American Gods by Neil Gaiman
It’s hard to be a god in America. People are busy making new things, and they forget their obligation to worship. Or they find it more interesting to worship new gods as tastes change and technology advances. So what’s an old god, brought to America by immigrants, to do?
Well, most just want to accept their fate, but Odin can see the bleakness of the future. He wants to rally all of the old gods—and they are myriad, coming from all over the world—to do battle. Because new gods are rising. There is Internet and there is Media, powerful players in the changing world—and so easy to worship.
Since the old gods have lost power, and are often nothing more than con men and petty thieves, they need to engage people in their battle for supremacy. And so begins our story.
Shadow Moon has found out that he is soon to be released from prison. He’s there for beating a fellow thief who cheated him out of his part of the thieves’ take. But with the help of his much-loved wife and his good behavior, he’s up for early release. Unfortunately, that release comes a few days earlier than expected because his wife has been killed in a car accident, and he needs to go home to attend her funeral.
On his trip home, Shadow’s journey is disrupted when he finds himself in the wrong airport and then on a wrong plane. He talks to Mr. Wednesday, who knows all about Shadow and offers him a job. Although Shadow is reluctant, he eventually accepts as he has no other options. He has, without knowing it, become a sort of bodyguard and accomplice to a god. As he works to secure the legacy of the traditional gods, Shadow becomes very loyal, despite the strange, magical and haunting thing his life has become. He must confront death, try to outwit various gods, and deal with his dead wife who keeps reappearing and hoping that Shadow will figure out how to bring her to life.
There is so much going on in this long novel. The idea is very creative, and the characters are deeply engaging. And yet when one of the characters was quoting the poet William Butler Yeats—“The center cannot hold”—I thought that was true of the novel—or that maybe it has no actual center. It just tries to incorporate too much, and Shadow moves from episode to episode without the connections always being made. I think it would have made better sense if it were pared down in scope.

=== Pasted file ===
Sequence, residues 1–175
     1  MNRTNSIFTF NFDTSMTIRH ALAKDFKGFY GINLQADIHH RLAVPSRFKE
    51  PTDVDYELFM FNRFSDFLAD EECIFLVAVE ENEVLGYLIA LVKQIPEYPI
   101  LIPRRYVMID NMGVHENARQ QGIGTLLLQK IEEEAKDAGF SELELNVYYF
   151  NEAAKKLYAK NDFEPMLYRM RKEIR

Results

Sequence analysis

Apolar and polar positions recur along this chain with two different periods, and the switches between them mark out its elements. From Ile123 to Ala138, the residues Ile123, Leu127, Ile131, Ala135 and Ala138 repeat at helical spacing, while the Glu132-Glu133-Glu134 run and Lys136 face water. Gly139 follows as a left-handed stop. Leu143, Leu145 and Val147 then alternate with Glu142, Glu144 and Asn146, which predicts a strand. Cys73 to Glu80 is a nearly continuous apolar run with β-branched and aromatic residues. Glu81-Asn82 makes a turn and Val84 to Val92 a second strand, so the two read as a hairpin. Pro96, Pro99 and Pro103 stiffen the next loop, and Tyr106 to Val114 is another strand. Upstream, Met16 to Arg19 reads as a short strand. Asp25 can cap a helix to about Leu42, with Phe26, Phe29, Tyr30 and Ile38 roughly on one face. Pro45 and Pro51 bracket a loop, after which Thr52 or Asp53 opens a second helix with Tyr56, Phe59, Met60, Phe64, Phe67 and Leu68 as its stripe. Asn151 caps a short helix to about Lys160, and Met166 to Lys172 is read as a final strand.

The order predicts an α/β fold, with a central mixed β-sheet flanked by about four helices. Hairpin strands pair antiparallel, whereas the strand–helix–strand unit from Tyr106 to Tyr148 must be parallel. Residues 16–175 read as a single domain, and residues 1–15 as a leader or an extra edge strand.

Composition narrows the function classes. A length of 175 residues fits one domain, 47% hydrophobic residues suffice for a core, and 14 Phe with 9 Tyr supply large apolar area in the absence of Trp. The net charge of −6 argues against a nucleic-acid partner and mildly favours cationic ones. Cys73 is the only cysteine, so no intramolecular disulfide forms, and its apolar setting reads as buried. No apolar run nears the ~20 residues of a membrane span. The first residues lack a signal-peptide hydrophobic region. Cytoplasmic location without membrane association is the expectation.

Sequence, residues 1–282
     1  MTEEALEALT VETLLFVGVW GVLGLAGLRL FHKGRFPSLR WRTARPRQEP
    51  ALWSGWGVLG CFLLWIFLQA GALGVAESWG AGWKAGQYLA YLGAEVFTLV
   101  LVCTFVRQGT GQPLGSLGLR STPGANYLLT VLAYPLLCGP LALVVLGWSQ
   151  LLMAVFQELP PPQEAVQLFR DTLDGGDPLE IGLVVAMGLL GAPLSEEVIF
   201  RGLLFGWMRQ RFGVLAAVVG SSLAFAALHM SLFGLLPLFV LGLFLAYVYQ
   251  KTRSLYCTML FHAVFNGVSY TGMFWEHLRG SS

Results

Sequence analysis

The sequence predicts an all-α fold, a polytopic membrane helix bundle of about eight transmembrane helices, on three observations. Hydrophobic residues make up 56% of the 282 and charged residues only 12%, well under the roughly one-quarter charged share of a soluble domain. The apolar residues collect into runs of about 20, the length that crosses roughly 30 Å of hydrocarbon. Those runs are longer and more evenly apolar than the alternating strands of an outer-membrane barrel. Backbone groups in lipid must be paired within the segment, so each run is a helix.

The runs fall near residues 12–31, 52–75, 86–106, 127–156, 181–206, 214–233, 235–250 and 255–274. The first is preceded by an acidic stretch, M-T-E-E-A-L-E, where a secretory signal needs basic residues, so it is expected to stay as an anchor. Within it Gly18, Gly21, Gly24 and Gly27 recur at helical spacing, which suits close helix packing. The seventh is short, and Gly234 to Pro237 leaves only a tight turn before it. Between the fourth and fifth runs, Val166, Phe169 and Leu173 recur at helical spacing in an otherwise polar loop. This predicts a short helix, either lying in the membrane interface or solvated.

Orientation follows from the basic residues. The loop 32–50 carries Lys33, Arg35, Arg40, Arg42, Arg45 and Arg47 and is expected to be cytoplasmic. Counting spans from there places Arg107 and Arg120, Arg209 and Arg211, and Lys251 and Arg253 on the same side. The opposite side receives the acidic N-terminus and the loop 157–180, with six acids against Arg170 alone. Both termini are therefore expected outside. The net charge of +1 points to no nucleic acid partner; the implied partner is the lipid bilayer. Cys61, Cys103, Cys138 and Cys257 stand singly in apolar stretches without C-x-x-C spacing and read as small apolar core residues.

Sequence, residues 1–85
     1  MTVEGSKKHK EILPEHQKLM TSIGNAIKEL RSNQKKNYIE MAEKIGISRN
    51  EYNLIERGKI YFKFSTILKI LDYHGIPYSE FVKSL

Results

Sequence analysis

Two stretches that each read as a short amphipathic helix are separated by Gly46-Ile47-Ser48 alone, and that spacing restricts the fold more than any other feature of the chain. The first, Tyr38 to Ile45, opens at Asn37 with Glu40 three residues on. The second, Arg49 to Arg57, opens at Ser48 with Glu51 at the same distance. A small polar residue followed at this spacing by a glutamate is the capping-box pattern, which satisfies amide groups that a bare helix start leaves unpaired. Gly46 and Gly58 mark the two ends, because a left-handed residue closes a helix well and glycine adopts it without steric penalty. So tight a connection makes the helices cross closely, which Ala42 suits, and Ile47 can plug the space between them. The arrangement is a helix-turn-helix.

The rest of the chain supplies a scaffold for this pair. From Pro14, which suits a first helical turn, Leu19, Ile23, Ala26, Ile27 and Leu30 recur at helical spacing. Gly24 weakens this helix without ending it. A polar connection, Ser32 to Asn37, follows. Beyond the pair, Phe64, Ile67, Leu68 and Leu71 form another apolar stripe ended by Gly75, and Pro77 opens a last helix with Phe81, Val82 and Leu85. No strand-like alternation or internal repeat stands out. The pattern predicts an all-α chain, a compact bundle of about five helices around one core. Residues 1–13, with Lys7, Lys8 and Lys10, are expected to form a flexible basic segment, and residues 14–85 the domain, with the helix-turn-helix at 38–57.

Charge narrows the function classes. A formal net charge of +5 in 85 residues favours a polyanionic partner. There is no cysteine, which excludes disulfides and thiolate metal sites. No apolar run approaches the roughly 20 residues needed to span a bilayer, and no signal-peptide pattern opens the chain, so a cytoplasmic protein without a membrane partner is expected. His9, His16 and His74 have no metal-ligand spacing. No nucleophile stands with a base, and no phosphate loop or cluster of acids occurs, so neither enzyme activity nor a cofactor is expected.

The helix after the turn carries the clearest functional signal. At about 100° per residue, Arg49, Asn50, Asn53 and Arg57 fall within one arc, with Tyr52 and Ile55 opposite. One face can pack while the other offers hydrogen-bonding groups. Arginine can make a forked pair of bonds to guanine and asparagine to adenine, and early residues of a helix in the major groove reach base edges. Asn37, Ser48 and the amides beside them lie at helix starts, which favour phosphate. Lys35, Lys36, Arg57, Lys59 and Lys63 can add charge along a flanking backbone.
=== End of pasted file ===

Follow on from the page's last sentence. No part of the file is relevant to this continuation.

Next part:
Despite its flaws, I want to recommend American Gods to students interested in stories of gods and goddesses. I know many who loved the Percy Jackson books when they were younger and are seeking similar works for a more mature audience. There are many, many gods in the novel, from all over the world. You’ll be able to guess who some of them are as they parade in human form; however, most will be surprises, and you’ll learn new things about various mythologies.
Even more interesting than the gods are Shadow and his dead wife. They illuminate the complexities of flawed relationships, the inscrutability of love, and the strangeness of loyalty. Shadow is very smart, thoroughly likeable, and a deep thinker to boot. You’ll also like his wife more than you want to, considering her behavior—her presence is both a haunting and a protection. The trials that Shadow goes through in his journey to belief (or in his journey to decide what to believe) are interesting for the reader to contemplate. So despite the wandering narrative, you’ll find yourself thinking important thoughts about belief, life and death.
High school housekeeping: If you read my review of The Ocean at the End of the Lane, you’ll know that I think Gaiman is a brilliant writer. And even though brilliant people can’t be brilliant all the time, if you are a fan of myths, I think you’ll like this. It does have mature themes—for example, an ancient goddess of fertility might pop up in the modern world as a prostitute. So—forewarned. You might try the tenth anniversary edition of this book. I believe it was released with changes requested by Gaiman. Perhaps it has a narrative arc that wasn’t clear (or that I wasn’t smart enough to follow) in the first edition.